Across town, the San Diego News Network has launched a quite different, for-profit local news Web site that resembles the Union-Tribune newspaper’s Web site much more than it does Voice of San Diego. SDNN aggregates news and information from its own small reporting staff, freelancers, San Diego-area weekly community newspapers, radio, and television stations, and bloggers. It covers most of the subjects the newspaper does, from local events, business, and sports to entertainment, food, and travel, but with less independent reporting.

Local entrepreneurs Barbara Bry and her husband Neil Senturia, and former Union-Tribune Web site editor Chris Jennewein, have raised $2 million from local investors and want to create a network of similar sites in as many as forty cities; they hope to attract more advertisers and become profitable. Jennewein said that he expects cities like San Diego, which long had a single dominant newspaper, to spawn many kinds of news entities. “There’s going to be fragmentation,” he said. “It may be a good thing. We have to think of there being a new news ecosystem.”

The most unusual San Diego startup is The Watchdog Institute, an independent nonprofit local investigative reporting project based on the campus of San Diego State University. Lorie Hearn, who was a senior editor at the Union-Tribune, persuaded her former newspaper’s new owner, Platinum Equity, to contribute money to the startup so that Hearn could hire investigative reporters who had worked for her at the Union-Tribune. In return, Hearn will provide the newspaper with investigative stories at a cost lower than if Hearn and the other Watchdog Institute journalists were still on its payroll. She intends to seek more local media partners, along with philanthropic donations, while training San Diego State journalism students to help with the reporting.

There are other examples of local-news startups around the country. The nonprofit Web site St. Louis Beacon, launched by Margaret Freivogel and a dozen of her colleagues who were bought out or laid off by the venerable St. Louis Post-Dispatch, does in-depth reporting and analysis in targeted “areas of concentration,” including the local economy, politics, race relations, education, health, and the arts. Freivogel’s budget of just under $1 million comes primarily from foundations and local donors, advertisers, and corporate sponsors. In Minneapolis, the nonprofit MinnPost Web site relies on a mix of full-time, part-time, contract, and freelance journalists for the site’s news reporting, commentary, and blogs. Editor Joel Kramer’s budget of more than $1 million a year includes foundation grants and a significant amount of advertising.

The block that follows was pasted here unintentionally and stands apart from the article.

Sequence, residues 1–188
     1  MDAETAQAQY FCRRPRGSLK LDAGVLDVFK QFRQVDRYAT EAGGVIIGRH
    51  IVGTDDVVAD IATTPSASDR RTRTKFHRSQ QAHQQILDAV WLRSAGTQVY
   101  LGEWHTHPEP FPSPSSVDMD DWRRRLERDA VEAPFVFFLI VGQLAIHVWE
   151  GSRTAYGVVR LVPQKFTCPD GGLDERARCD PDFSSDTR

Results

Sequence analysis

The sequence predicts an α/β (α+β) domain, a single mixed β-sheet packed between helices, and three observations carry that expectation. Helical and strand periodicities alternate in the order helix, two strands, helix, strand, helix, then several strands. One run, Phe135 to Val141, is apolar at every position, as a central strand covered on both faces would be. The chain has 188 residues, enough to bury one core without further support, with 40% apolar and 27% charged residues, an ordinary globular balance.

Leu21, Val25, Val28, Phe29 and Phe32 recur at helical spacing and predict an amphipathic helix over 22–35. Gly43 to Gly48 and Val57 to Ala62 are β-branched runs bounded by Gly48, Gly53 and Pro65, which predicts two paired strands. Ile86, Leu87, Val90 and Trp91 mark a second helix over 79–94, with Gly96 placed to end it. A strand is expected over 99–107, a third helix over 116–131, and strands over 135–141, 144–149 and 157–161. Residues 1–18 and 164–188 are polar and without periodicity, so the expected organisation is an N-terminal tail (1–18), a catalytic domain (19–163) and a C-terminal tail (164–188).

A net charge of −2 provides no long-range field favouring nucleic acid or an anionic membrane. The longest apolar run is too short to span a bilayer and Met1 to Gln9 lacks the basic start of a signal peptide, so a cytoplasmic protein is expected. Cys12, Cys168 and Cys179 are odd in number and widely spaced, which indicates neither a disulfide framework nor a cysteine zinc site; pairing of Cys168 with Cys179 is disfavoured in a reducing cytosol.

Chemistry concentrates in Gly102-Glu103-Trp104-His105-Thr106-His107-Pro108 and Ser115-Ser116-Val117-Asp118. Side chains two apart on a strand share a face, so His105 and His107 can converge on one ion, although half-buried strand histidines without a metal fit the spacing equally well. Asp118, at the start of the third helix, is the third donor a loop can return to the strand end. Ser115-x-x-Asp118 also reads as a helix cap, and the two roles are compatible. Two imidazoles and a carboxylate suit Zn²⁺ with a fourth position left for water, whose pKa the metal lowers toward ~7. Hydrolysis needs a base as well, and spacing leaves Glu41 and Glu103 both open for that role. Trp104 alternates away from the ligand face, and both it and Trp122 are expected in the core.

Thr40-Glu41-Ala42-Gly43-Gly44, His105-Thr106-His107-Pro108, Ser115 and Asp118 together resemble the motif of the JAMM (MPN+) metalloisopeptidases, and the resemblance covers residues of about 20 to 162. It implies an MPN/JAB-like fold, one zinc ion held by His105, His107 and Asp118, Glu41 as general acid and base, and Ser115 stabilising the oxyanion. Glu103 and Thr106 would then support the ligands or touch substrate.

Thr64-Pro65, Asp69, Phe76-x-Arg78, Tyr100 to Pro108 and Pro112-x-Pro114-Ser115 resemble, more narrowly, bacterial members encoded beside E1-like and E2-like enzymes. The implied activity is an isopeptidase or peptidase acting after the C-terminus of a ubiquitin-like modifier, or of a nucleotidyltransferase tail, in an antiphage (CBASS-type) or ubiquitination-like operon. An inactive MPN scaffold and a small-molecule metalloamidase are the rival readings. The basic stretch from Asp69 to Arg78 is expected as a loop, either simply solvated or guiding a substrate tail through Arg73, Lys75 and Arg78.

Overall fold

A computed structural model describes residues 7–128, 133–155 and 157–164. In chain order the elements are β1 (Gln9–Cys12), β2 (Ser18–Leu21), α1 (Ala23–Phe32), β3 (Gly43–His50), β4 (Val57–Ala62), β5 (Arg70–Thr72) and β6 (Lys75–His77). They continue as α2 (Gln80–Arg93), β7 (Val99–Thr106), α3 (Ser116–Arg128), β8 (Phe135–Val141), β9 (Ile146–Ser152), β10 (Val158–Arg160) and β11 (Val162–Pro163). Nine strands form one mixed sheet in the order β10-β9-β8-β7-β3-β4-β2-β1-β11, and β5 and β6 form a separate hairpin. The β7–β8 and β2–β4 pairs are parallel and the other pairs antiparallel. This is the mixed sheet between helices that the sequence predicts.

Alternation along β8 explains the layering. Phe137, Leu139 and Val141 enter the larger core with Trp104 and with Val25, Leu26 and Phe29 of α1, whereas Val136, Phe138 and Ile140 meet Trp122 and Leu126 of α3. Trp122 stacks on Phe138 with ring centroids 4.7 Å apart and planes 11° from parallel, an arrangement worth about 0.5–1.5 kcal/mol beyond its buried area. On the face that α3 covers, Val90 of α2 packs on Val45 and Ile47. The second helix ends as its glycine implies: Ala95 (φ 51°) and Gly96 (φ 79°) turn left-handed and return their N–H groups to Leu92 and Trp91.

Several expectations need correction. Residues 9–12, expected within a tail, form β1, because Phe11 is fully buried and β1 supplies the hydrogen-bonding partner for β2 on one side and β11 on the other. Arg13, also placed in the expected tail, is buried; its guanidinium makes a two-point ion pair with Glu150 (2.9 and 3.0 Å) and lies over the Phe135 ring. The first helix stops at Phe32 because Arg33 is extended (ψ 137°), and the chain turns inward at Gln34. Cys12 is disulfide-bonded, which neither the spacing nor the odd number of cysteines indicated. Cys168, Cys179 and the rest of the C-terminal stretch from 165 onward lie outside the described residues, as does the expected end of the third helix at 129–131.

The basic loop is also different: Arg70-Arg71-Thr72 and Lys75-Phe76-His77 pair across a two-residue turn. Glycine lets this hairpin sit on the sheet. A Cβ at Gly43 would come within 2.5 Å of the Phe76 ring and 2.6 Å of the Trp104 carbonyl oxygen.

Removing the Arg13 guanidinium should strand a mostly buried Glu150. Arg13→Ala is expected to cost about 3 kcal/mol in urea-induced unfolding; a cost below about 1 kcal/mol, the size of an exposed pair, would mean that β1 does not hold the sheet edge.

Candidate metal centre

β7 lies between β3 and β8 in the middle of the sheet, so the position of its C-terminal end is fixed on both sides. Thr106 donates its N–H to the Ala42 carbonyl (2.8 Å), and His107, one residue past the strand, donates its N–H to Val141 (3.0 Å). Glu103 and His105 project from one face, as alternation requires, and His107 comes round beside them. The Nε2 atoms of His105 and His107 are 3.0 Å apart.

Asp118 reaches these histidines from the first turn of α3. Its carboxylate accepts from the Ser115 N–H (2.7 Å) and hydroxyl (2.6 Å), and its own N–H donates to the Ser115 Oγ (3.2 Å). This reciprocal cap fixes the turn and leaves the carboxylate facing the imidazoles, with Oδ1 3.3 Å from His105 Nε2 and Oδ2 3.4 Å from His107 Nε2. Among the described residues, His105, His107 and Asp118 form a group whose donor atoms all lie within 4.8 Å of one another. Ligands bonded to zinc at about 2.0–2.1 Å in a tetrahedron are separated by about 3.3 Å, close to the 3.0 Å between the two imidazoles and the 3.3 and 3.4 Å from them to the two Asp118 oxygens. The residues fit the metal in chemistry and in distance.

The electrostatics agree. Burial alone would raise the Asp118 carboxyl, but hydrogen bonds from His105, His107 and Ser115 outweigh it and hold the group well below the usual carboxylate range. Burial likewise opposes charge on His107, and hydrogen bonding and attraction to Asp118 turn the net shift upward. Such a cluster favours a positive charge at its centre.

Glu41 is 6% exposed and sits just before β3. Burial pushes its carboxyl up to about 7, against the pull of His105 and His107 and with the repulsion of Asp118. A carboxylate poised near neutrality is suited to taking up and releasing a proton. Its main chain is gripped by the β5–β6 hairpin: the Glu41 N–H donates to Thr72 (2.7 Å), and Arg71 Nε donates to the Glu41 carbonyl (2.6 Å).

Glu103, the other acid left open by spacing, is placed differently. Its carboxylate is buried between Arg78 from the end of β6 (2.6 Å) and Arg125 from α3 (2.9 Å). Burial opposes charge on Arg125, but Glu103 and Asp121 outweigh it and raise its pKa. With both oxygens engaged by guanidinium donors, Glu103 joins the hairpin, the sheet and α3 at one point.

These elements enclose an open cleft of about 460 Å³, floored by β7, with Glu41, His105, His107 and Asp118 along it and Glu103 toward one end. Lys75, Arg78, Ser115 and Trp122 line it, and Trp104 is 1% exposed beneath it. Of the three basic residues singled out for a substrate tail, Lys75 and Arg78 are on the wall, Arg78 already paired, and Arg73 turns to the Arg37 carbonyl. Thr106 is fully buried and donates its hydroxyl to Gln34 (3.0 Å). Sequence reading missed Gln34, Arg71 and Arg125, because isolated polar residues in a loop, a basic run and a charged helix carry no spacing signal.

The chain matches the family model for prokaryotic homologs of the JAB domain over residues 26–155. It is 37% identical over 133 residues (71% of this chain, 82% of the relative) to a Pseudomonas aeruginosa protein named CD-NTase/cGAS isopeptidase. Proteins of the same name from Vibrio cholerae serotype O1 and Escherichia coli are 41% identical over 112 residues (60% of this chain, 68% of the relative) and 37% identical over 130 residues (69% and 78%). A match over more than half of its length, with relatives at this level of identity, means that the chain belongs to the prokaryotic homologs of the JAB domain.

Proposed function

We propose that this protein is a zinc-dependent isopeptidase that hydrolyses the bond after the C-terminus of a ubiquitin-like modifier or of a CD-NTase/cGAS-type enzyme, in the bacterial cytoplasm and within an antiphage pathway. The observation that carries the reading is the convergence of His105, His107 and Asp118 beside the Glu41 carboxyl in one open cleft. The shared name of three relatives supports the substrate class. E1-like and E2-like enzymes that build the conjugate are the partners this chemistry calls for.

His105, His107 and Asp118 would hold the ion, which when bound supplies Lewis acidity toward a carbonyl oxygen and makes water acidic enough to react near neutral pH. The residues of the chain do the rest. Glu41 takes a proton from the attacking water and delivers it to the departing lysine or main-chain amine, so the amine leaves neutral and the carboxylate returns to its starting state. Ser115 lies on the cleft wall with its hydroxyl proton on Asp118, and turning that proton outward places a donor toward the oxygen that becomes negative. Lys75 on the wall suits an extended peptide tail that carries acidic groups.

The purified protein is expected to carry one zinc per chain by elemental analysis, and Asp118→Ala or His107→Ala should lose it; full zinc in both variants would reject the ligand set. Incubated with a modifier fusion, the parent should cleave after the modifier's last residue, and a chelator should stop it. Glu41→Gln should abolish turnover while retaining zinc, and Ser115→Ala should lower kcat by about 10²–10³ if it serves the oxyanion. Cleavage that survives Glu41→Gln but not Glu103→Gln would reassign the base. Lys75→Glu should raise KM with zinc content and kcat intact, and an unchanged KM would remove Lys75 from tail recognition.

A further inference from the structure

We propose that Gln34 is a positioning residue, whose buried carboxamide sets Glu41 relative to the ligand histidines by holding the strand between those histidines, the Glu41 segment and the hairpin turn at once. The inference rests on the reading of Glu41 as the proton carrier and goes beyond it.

Some of the startups are experimenting with what is being called “pro-am” journalism—professionals and amateurs working together over the Internet. This includes, for example, ProPublica, the nation’s largest startup nonprofit news organization with three-dozen investigative reporters and editors. Amanda Michel, its director of distributed reporting, recruited a network of volunteer citizen reporters to monitor progress on a sample of 510 of the six thousand projects approved for federal stimulus money around the country. “We recruited people who know about contracts,” Michel said. “We need a definable culture” of people with expertise on targeted subjects, “not just everybody.”

Much smaller local and regional Web sites founded by professional journalists—ranging from the for-profit New West network of Web sites in Montana and neighboring states to the nonprofit New Haven Independent in Connecticut—regularly supplement reporting by their relatively tiny staffs with contributions from freelancers, bloggers, and readers. The fast-increasing number of blog-like hyperlocal neighborhood news sites across the country depend even more heavily for their news reporting on freelancers and citizen contributors that is edited by professional journalists. In Seattle, among the most Internet-oriented metropolitan areas in the country, pro-am neighborhood news sites are proliferating.

“The folks that used to do things for a paycheck are now doing them for cheap or for free,” she said. “Somebody has to get these reporters back to work again.”

“We believe this could become the next-generation news source” in American cities, said Cory Bergman, who started Next Door Media, a group of sites in five connecting Seattle neighborhoods. “The challenge is to create a viable economic model.” Bergman and his wife Kate devised a franchise model, in which the editor of each site, a professional journalist, reports news of the neighborhood and curates text, photo, and video contributions from residents. Editors earn a percentage of their site’s advertising revenue.

Leonard Downie Jr. and Michael Schudson are the authors of "The Reconstruction of American Journalism." Leonard Downie Jr. is vice president at large and former executive editor of The Washington Post and Weil Family Professor of Journalism at Arizona State University's Walter Cronkite School of Journalism and Mass Communication. Michael Schudson is a professor of communication at Columbia University's Graduate School of Journalism.